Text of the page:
MMc009 | Jan 30, 2022 |
This was an interesting read, last year I'd read Sailing Alone around the World by Joshua Slocum, so this book was a natural for me as London was inspired to try to sail around the world by Slocum, my favorite chapters are LEPERS OF MOLOKAI, and THE AMATEUR M.D.

You can get the book for free at Amazon or Project Gutenberg ( )
  kevn57 | Dec 8, 2021 |
This is Jack London's account of building and then sailing a 43 foot boat from California to Hawaii and the South Seas. Some interesting stories--and a lot about tropical diseases. ( )
  auldhouse | Sep 30, 2021 |
I actually finished with Martin Johnson's book, Through the South Seas with Jack London, about the same voyage, before reading London's The Cruise of the Snark. And it's interesting to contrast the two. Of course, London's is the more literary of the two, although Johnson has a somewhat gifted, albeit exaggerated, style of his own. But the odd thing is that if you want a detailed, even more accurate description of the Snark as it sailed from San Francisco to Hawaii and then on to other South Seas locations, then Johnson's is the better book.

Yet London's book is the more memorable. His imagery, his ability to capture the moment, and his skill at stepping outside himself make for a more psychologically complete picture. That is not to say it doesn't have its more disappointing parts. The long discussion on the physics of waves and the chapter devoted to learning navigation are tedious--although they give insight into how London's mind works and his doggedness in pursuing and solving problems. A similar chapter on London's acquisition of certain medical skills, on the other hand, is humorous and reads through at a snap.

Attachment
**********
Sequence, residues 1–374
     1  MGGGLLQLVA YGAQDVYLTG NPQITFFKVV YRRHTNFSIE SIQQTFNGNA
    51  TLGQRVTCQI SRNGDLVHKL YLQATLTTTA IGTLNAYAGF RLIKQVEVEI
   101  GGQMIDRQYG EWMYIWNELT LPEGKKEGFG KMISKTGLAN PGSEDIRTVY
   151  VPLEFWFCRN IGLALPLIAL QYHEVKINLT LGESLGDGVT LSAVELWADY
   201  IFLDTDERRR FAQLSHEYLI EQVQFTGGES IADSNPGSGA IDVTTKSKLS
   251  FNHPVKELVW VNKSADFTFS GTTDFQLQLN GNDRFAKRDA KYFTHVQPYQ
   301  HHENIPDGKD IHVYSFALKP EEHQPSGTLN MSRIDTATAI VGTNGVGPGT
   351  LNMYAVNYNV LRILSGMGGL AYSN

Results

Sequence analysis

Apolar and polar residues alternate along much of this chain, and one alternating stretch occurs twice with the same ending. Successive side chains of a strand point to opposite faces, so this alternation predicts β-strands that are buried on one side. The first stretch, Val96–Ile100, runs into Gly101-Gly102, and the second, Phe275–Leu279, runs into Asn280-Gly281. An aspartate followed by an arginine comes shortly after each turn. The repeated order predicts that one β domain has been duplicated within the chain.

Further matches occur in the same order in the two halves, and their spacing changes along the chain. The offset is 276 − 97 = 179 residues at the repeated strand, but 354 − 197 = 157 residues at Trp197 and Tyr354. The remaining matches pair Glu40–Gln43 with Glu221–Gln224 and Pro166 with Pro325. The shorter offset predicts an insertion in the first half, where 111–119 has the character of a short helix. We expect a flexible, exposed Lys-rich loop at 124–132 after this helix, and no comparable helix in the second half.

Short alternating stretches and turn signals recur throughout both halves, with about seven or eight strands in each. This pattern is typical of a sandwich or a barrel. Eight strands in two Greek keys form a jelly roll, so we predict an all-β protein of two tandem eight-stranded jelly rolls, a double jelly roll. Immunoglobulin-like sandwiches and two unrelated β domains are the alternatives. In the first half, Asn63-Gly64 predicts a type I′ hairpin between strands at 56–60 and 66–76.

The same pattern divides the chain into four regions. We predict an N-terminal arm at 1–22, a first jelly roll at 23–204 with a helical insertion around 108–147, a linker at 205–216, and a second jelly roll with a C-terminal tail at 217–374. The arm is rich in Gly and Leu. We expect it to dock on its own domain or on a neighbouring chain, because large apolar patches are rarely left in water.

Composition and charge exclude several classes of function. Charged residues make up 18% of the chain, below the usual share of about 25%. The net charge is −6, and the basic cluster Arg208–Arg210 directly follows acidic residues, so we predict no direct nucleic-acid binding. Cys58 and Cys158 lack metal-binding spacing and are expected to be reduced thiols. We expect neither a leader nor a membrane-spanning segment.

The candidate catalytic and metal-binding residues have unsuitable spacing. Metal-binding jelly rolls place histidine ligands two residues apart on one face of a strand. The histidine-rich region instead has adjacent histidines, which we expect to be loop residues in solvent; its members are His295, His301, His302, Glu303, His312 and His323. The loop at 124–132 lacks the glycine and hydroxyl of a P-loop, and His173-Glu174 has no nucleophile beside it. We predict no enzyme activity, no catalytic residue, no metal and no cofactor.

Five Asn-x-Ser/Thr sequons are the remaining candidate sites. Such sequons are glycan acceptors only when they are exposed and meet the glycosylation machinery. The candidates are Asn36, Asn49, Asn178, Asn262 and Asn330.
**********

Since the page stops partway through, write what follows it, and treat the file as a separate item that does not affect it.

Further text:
And that brings us to the tone of The Cruise of the Snark, which often is, well, snarky. London says he christened his vessel the Snark because he was inspired by Lewis Carroll's imaginary animal that provided an elusive goal. That did prove the case, here, as London was unable to complete his trip due to serious illness among all the crew. But London is well and truly snarky, in the informal sense of the word, throughout. I'm not sure when the word gained its current usage, but London mocks himself, his crew, his wife, many of the people he encounters, as well as his boat. Especially his boat, because, as it turns out, the Snark was a lemon. Just about everything that could go wrong, did go wrong with it. All the promises made in construction turned out to be lies or pipe dreams, and London paid far above and beyond anything resembling a fair price in the purchase. And never does a man skewer himself with such snarkiness for his naivete than does London.